Swift 4.0 Codable — Decoding subclasses, inherited classes, heterogeneous arrays
Swift 4.0 has introduced a really helpful API.
Codable If you have been following the Swift project and the new features in this version on the language you have probably already heard about it. I ran into some issues when working with some of our REST APIs so wanted to document them here in case other people run into the same situations.
If you are familar with
Codable you can skip this sections, if not this is how Apple summarise is on there docs page:
Make your data types encodable and decodable for compatibility with external representations such as JSON.
There is already quite a lot of good articles out there on how to use this new API. These are the best ones, I would suggest reading them as an entry point:
Decoding Heterogeneous Arrays
A heterogeneous array is when you have a piece of JSON which contains multiple different objects. In my case, these objects are subclasses of a base class
Drink Each subclass has different attributes which need to be serialised.
Firstly, the models need to be defined, conforming to
Decodable protocol. Starting with the base class and then the subclass.
This is the base class and defines all the attributes associated with it. There is nothing complicated about this, so no custom code needs to be written, it just uses the standard API.
Beer has the additional attribute of
alcohol_content so we need to add that. This class needs to be initialised before the base class. We need to write our own custom init method. You can see on line 11, we pass the same decoder object to the super class so that it can decode the base classes attributes.
This is how we convert the json into memory. Nothing complicated here, but we now need to define the
Drinks object. This object contains a heterogenous array so we will need to implement the
Decodable protocol ourselves.
Line 2 shows that we add an array of
Drink objects as a property to this class.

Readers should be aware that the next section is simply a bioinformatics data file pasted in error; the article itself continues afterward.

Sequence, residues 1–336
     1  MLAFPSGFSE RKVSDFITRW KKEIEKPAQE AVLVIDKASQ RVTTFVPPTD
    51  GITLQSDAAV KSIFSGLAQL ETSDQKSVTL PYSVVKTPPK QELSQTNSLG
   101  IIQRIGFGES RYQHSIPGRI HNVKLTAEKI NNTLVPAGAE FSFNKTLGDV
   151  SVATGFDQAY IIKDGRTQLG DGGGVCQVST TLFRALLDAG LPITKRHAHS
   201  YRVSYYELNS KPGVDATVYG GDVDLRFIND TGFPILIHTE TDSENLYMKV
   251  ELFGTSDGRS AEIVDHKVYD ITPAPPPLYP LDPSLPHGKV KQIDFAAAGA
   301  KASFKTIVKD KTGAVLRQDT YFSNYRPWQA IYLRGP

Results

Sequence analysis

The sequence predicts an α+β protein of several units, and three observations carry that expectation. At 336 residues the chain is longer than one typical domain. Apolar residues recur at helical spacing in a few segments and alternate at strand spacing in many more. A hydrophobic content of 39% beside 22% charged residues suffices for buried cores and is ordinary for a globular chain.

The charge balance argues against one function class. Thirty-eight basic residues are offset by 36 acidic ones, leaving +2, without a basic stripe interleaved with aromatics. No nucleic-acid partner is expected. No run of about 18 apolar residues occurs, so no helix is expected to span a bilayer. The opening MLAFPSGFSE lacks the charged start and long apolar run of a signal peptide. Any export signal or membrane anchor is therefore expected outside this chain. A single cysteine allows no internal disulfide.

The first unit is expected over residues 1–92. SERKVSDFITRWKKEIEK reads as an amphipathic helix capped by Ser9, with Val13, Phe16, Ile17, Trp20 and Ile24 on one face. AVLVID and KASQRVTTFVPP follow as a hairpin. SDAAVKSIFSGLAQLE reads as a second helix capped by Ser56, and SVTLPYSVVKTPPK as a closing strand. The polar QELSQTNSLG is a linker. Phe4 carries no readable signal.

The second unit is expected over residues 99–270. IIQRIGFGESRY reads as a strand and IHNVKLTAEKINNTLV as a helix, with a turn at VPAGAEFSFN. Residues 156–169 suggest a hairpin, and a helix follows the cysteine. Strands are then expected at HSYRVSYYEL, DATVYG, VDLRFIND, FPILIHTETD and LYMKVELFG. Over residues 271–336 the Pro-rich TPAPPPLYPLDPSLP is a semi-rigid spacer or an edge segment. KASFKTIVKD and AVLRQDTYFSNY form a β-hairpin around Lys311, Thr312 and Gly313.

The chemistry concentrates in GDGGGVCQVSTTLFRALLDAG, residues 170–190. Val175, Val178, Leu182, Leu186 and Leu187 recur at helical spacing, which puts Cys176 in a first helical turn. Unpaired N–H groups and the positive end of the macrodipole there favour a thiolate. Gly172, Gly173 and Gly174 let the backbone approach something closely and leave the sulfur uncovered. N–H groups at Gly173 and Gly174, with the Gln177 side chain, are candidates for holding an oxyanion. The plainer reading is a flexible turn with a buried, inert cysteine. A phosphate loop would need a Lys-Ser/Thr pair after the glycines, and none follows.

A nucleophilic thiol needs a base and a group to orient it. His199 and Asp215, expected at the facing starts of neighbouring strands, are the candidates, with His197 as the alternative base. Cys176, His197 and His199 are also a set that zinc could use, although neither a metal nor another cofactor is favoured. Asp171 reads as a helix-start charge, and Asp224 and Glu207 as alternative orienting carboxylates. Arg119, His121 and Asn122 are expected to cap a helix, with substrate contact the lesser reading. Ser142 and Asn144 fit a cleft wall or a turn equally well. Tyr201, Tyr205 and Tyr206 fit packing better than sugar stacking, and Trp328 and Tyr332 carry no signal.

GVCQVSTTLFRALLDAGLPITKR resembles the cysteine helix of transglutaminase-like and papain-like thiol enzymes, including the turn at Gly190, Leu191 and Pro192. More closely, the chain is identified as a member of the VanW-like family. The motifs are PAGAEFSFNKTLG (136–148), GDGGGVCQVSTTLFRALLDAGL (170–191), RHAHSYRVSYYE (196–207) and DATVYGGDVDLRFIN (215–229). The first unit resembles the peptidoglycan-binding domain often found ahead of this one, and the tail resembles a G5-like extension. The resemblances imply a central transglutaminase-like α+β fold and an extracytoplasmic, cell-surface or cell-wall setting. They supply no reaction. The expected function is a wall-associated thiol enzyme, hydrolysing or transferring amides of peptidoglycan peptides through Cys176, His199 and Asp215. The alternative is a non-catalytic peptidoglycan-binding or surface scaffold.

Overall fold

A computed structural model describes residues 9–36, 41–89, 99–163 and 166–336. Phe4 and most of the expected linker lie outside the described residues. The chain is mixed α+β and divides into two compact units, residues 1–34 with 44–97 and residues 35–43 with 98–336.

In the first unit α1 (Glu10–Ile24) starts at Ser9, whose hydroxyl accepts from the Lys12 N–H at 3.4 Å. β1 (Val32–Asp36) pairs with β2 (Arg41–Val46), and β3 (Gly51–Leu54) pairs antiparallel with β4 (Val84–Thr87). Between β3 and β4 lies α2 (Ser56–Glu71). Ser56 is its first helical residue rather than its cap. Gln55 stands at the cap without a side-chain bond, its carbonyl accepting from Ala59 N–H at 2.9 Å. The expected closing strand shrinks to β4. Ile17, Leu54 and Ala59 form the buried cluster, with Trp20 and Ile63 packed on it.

Next we create an enum
DrinksKey which is used to decode the dictionary containing the array of drinks.
We also define an enum
DrinkTypeKey which is used to serialise the type field for each object in the array.
And a final enum
DrinkTypes with specifies all the possible drink types.
With all the enums specified we can get to the serialisation.
Line 19: Get the drinks dictionary —
Line 20: Get the array of drinks —
Line 23: Make a copy of the drinks array —
drinksArray This is needed as we be iterating the
drinkArrayForType In doing so we will have no way to get the decoder object for each element in the array. See summary on this below.
Line 24: Iterate the
Line 25: Get the current drink container
Line 26: Decode the type attribute
We can now use this decoded attribute to identify which class to decode. We have to use the copied
drinksArray object for decoding however, as the iterator of
drinksArrayForType has moved onto the next object. Viola!
This last step was the only way I could get the
Decodable API to do my bidding. As far as I can see there is no way to get a decoder from an
KeyedDecodingContainer This seems like a limitation of the API, but Im sure there are good reasons for it not to be possible. It does seem a little strange to expose that dependency just for this use case of decoding.
If you think otherwise, let me know, it may be worth thinking about it a little further and adding a suggestion for improvement to the Swift API itself. After all this is only the first iteration of the this API, its possible developers may have missed this use case.